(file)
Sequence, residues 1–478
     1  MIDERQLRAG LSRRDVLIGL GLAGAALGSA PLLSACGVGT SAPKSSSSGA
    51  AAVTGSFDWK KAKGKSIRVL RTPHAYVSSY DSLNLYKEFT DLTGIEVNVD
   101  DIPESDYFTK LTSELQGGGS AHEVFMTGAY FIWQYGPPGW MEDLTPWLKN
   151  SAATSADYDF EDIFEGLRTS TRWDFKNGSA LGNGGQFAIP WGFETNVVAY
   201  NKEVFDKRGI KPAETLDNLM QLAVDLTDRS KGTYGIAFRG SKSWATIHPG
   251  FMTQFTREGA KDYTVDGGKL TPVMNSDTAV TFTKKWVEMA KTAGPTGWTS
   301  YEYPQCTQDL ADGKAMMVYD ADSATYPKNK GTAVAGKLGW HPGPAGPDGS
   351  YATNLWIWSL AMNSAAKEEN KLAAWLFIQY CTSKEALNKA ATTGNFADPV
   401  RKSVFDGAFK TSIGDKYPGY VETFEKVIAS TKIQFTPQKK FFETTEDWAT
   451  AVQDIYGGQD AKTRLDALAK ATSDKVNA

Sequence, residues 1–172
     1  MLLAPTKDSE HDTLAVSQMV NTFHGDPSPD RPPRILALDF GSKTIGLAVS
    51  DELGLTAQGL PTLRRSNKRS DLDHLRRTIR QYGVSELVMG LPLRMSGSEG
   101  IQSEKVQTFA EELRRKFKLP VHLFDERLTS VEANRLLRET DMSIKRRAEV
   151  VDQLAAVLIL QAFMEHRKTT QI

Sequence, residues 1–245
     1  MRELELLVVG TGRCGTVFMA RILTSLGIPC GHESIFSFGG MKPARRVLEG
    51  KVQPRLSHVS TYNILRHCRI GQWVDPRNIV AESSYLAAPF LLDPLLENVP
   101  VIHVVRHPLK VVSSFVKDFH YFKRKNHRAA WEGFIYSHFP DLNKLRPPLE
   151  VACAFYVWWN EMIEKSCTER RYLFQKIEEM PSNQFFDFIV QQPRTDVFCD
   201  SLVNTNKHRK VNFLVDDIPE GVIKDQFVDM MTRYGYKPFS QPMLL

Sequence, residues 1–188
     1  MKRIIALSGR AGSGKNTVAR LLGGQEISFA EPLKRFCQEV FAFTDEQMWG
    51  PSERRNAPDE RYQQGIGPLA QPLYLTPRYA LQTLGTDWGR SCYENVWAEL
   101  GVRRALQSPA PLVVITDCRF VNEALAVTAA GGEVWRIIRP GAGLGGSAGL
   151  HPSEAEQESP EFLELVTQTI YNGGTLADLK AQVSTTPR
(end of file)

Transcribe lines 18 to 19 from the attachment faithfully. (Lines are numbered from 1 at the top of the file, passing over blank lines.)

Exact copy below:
     1  MRELELLVVG TGRCGTVFMA RILTSLGIPC GHESIFSFGG MKPARRVLEG
    51  KVQPRLSHVS TYNILRHCRI GQWVDPRNIV AESSYLAAPF LLDPLLENVP